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USTaxAdvising
USTaxAdvising, CPA
Category: Tax
Satisfied Customers: 1065
Experience:  US Taxation specialist.
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We currently own two homes. One we have lived in for almost

Resolved Question:

We currently own two homes. One we have lived in for almost 17 years and it has a mortgage. Earlier this year, we purchased another home with cash and are renovating it. We are considering moving into the new home and renting out our old one. If we live in the new home, are we able to claim the PRE after we sell it? Our idea was to live in the new home for a trial period of about a year. After a year, if it's not a good fit for our family we would list it for sale and we would move back into our old home. In the meantime, we would use rental income to pay the existing mortgage on our old home. Is this a feasible plan? Is there a tax advantage to this? Thank you for your help.

Submitted: 8 months ago.
Category: Tax
Expert:  USTaxAdvising replied 8 months ago.

Hello,

 

I can assist you with your personal residence question today.

 

If we live in the new home, are we able to claim the PRE after we sell it? - Yes and no. When the property changes from personal-use to income-producing, it is considered a deemed disposition and can result in a capital gain. This is calculated by deducting the adjusted cost base of the property from the fair market value at the time of change in use. Any gain resulting from this deemed disposition can be eliminated by the PRE, if the property has always been the taxpayer's principal residence. If the property has been the principal residence for only a portion of the time it has been owned, then the gain could still be partially eliminated by the principal residence exemption. You could also defer recognition of the resulting capital gain (if any) by electing under subsection 45(2) of the Income Tax Act to be deemed not to have made the change in use. This election cannot be made if there is only a partial change in use of the property. The election should be made when the change in use happens. Once this election has been made, the property can still qualify as your principal residence for up to 4 taxation years, even if the property is not inhabited by you during those years. However, you must still be a resident or deemed resident of Canada during those years in order to designate the property as the principal residence.

 

I would think this would be a feasible plan for you. As outlined above you could rent the home and defer the gain and still qualify the home as your principal residence four years later.

 

Here are some good links on the topic:

http://www.cra-arc.gc.ca/tx/ndvdls/tpcs/ncm-tx/rtrn/cmpltng/rprtng-ncm/lns101-170/127/rsdnc/menu-eng.html

http://www.taxtips.ca/filing/principalresidence.htm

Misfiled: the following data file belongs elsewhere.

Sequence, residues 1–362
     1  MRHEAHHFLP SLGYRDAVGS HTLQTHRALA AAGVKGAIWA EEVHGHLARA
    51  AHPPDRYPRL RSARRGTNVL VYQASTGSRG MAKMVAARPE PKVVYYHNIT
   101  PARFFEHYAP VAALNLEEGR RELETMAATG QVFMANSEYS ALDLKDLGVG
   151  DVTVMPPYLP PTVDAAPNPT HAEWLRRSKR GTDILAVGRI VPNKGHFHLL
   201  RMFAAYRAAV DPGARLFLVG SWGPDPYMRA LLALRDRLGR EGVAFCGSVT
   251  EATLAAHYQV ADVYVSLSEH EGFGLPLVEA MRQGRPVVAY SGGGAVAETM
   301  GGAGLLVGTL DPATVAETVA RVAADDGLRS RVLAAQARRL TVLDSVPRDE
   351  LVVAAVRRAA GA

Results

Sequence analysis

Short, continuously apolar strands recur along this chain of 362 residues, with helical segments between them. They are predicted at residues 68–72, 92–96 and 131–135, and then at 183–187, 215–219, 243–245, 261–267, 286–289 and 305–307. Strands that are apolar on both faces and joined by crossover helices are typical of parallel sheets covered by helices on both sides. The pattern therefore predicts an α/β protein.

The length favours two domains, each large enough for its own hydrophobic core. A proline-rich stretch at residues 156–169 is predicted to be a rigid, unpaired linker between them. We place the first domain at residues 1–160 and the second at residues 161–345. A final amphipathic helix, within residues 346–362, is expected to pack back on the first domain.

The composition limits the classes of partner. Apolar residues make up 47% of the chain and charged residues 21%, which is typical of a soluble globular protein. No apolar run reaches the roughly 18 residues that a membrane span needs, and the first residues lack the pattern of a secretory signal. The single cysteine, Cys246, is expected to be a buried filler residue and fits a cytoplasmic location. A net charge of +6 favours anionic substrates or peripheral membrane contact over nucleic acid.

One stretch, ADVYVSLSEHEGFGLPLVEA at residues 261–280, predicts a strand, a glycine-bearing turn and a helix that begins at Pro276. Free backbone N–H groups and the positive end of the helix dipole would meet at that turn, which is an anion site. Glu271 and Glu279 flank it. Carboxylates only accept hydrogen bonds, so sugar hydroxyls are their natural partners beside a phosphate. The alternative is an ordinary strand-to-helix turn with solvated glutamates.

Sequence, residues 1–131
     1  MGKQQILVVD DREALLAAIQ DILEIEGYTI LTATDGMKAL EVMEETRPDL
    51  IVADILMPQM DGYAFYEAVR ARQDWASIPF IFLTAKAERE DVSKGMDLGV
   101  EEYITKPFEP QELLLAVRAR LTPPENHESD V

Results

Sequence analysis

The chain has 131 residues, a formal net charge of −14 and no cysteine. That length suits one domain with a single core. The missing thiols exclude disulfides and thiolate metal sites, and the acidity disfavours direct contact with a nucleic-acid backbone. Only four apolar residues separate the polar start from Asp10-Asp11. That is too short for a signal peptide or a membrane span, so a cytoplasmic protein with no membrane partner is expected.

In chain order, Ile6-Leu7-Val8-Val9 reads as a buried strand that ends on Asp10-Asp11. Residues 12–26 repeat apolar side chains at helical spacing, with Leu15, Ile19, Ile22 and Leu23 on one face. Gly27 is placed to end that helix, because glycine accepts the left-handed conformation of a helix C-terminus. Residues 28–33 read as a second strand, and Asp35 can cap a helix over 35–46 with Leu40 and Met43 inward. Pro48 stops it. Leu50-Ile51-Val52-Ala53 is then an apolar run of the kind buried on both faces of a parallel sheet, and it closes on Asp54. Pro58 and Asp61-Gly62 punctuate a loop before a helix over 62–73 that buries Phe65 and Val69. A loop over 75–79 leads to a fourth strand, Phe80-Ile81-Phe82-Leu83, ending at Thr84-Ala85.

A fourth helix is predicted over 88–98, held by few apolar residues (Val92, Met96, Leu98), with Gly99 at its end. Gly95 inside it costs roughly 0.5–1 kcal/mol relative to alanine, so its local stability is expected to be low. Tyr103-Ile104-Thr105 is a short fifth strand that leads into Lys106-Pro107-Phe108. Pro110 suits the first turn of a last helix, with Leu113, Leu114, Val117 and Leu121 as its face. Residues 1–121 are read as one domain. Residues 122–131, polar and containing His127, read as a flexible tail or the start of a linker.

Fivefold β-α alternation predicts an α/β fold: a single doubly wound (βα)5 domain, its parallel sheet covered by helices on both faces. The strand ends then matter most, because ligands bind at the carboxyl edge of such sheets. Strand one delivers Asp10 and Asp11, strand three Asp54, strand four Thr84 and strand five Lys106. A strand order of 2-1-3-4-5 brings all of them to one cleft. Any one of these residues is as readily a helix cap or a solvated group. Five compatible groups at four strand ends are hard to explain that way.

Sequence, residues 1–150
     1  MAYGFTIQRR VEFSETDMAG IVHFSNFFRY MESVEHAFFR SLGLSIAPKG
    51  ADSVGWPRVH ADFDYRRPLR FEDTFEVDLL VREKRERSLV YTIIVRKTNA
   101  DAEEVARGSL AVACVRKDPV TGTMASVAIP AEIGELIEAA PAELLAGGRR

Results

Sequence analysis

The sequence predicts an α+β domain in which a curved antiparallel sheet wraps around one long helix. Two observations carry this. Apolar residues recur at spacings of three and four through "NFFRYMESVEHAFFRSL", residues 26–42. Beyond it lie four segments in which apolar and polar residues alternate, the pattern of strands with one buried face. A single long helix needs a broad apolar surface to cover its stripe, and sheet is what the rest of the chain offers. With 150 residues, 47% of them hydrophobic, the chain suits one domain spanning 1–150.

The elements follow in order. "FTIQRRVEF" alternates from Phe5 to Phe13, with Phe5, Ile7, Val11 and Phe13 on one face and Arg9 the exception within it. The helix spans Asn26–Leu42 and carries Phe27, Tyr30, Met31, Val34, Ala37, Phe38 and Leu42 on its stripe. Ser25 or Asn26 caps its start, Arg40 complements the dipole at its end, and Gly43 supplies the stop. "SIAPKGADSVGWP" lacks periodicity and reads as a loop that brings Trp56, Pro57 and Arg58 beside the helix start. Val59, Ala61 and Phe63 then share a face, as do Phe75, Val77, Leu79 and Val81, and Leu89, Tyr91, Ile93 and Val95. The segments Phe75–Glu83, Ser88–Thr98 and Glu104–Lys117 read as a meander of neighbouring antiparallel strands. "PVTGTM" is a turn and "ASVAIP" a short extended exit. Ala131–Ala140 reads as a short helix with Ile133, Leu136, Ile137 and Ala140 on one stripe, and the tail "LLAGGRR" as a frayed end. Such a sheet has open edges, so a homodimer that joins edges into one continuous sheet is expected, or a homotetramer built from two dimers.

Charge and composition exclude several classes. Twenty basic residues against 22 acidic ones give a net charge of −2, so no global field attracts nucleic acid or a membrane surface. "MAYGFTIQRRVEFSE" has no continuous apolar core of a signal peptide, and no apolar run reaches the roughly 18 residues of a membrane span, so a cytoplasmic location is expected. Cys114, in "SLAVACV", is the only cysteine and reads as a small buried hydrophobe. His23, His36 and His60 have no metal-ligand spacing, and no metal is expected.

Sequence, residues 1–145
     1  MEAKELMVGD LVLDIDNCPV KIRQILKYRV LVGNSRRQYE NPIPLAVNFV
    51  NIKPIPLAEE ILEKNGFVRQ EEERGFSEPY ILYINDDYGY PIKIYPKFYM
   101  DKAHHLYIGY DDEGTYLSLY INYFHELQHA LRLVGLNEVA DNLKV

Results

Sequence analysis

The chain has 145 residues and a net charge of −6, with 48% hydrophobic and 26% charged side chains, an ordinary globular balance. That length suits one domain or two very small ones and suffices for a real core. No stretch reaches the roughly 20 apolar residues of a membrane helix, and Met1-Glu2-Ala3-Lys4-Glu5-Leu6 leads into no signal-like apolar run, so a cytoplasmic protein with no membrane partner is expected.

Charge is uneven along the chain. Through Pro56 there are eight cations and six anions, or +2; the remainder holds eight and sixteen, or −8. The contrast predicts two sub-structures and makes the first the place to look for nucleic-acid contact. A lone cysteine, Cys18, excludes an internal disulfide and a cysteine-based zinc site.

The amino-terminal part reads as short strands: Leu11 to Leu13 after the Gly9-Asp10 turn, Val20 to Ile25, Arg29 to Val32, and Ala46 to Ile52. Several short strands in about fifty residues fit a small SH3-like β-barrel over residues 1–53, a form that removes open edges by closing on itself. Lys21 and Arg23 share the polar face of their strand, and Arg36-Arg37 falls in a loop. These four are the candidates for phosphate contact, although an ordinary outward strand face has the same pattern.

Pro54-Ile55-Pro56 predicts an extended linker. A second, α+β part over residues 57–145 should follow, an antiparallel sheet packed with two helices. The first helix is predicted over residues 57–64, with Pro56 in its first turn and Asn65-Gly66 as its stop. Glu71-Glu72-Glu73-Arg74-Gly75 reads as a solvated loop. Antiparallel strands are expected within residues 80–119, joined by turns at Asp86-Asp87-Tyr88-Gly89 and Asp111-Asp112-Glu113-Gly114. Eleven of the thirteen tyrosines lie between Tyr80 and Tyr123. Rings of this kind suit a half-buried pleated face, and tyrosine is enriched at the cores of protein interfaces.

http://www.taxtips.ca/personaltax/propertyrental/changeinuse.htm

 

I hope this provides the answers your were looking for, if not please let me know where I can provide additional clarity.

 

Best regards,

Customer: replied 8 months ago.


Hi thanks for the info and for the website provided. They were helpful - as were you. Smile I just want to clarify...to make sure I understand what you are saying.


 


If we keep two houses...live in the newly renovated one as our principal residence - then sell it in a year or so, we can claim the PRE on that house.


 


Our previous house (we are currently living in), we can rent it out and only have to report as income the rent minus expenses (mortgage, insurance, property tax etc.). We can then move back into that house after the other one is sold. It now becomes our personal residence again.


 


Thereby, we avoid paying taxes on the profit of the house we bought, renovated, lived in, then sold. Thanks for your time. Smile


 

Expert:  USTaxAdvising replied 8 months ago.

Hello Monique,

 

If we keep two houses...live in the newly renovated one as our principal residence - then sell it in a year or so, we can claim the PRE on that house. - Correct, assuming it was your principal residence for the entire period that you owned it.

 

Our previous house (we are currently living in), we can rent it out and only have to report as income the rent minus expenses (mortgage, insurance, property tax etc.). We can then move back into that house after the other one is sold. It now becomes our personal residence again. - This sounds correct yes. Smile

 

Thereby, we avoid paying taxes on the profit of the house we bought, renovated, lived in, then sold. - Yes this appears correct, as long as the home is your principle residence it would qualify for the PRE.

 

Glad I could help.

 

Best regards,

 

USTaxAdvising, CPA
Category: Tax
Satisfied Customers: 1065
Experience: US Taxation specialist.
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